Kathleen Stephan, PR-B Family Center Volunteer
Have you ever had one of those conversations - like the game telephone - when you start with one subject and end on an entirely different subject? We started with hammock, went to how we've slept camping, to how soldiers used to sleep, to questioning how Army soldiers now sleep and then to online research. Although we did not find an answer to our question, we did find a list of the Army's six recommendations for a more restful night. No. 4 struck me as applicable to everyday life as well. It states: "Get comfortable with being uncomfortable."
When I was a kid, my mom always put the good stuff (cookies, candy) high in the cupboard out of reach of her eight little goblins. It was a big "no, no" to even try to get them down. I had to baby-sit to have the money for the candy or treats I wanted. When I have had things in life (like a job or a car) that were beyond my reach, I had to find a way to make them within my reach. I took college courses to be eligible for the job I wanted. I had to save money for the car I wanted.
Winter brings cold and snow. What is it good for? My bones say NOTHING! But I know it gives the earth moisture and lets nature rest. We experience many winters in our lives - times when we are stuck in a cold, dark place where we cannot find how to break the ground for change. The spring of hope is not within our reach. We can linger there hopelessly or find a way out. We need to look for the tools to break free. Often times it involves making a change in a new direction or finding the resources needed to remedy the situation.
Vivian came in to volunteer for a shift at the Pine River Area Food Shelf. The team included Olive, Larry, Unice and Nancy. They set out the bread, stocked the shelves and started up the computer. She sits ready to greet the first client, Tina. Her husband is disabled, and she needs help to feed her family of four. Earl is a senior veteran whose disability check is not enough to cover medications and food. Their next client, Eileen, is hesitant because this is her first time here. She is greeted warmly and reassured she is not alone.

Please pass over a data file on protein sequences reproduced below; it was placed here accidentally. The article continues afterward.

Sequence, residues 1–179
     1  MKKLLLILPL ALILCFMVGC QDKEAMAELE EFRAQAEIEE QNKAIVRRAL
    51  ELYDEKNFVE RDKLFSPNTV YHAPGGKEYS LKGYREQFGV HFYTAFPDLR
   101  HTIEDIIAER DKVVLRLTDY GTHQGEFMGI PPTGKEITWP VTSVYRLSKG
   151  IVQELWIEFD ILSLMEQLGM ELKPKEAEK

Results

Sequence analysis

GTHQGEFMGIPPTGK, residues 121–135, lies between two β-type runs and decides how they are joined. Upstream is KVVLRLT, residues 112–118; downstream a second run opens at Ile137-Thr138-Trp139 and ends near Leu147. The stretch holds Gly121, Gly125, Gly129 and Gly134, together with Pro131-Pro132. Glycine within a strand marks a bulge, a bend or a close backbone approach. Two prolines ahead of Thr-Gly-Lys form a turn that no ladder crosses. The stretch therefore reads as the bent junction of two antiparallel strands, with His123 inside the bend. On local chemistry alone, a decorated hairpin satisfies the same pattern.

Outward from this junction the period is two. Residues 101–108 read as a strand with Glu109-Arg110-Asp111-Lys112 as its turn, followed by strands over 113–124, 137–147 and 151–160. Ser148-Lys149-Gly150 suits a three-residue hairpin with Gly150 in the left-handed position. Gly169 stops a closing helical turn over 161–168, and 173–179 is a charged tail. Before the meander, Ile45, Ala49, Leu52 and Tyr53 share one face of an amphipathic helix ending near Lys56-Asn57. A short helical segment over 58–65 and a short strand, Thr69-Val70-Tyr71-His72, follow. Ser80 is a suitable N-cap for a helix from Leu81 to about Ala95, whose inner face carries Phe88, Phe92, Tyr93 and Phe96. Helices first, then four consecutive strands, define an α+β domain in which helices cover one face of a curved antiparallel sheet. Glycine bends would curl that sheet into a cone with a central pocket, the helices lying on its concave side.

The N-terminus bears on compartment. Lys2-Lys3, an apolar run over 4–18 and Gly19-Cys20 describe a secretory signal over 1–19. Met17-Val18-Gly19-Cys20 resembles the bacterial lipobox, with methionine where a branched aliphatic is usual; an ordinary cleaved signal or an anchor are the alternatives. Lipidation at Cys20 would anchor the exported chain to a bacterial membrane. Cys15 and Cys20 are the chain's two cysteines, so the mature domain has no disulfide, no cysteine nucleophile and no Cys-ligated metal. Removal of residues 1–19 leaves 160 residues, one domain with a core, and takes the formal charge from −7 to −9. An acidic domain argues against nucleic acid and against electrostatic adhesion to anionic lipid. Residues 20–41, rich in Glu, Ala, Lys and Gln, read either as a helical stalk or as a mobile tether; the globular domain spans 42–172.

Every Thanksgiving a cornucopia was set on our sideboard. Some call it a horn of plenty. Webster defines it as "a curved, hollow goat's horn or similarly shaped receptacle (such as horn-shaped basket) that is overflowing especially with fruits and vegetables." The legend (according to Greek mythology) is that it was from this horn that the god Zeus was fed as an infant. It represents a store of abundance.
Faith: 1. Belief in the truth, value, or trustworthiness of someone or something. 2. Loyalty or Allegiance. (Webster's II Dictionary) This definition defines the attitude of our volunteers. They believe their work has intrinsic value to the mission of the Pine River Area Food Shelf, value to the clients we serve and value to the community we serve. Knowing there is value in their work is knowing they are making a difference.
What is coming up Monday? We are to experience a solar eclipse. The last one was in 1918. I am going to don my glasses and add this to my "stories of life" list for my grandchildren. The solar eclipses we face in life, unfortunately, happen more often. Your life is "rainbows, lollipops and sunshine everywhere." Then suddenly - kaboom - your life is turned upside down by a tragedy. We want our sunshine back but cannot find a path to it. It is not usually one thing but a domino effect with many other tragedies piled on top.
I'm surprised by how many people do not believe food insecurity (FI) is a real issue in our quaint little village. Cass County is rated among the highest in FI in our state. I read an article in "Science Daily" that reported: "It's a complex phenomenon encompassing food availability, affordability, utilization and even the social norms that define acceptable ways to acquire food. FI can affect people's health beyond its impact on nutrition. ... FI was associated with poorer mental health and specific psychosocial stressors ... independent of socioeconomic status."
From infancy to adulthood, we are pushed to become the best person we can be. First the push is from parents-teachers-preachers, then when we "grow up" the push comes from an internal source. And if our job was to be the best rock we can be, that would be a piece of cake. Rain or shine, we can roll left or right and remain true to our calling. Once a rock; always a rock.
"Sometimes it is the people no one imagines anything of that do the things no one can imagine." - "The Imitation Game" Ryan Nelson reposted this quote this month. My first thought was of smalltown neighbors. Pretty much everyone is treated on the same level. Anyone who used to "be someone" receives no special regard. We are all the same.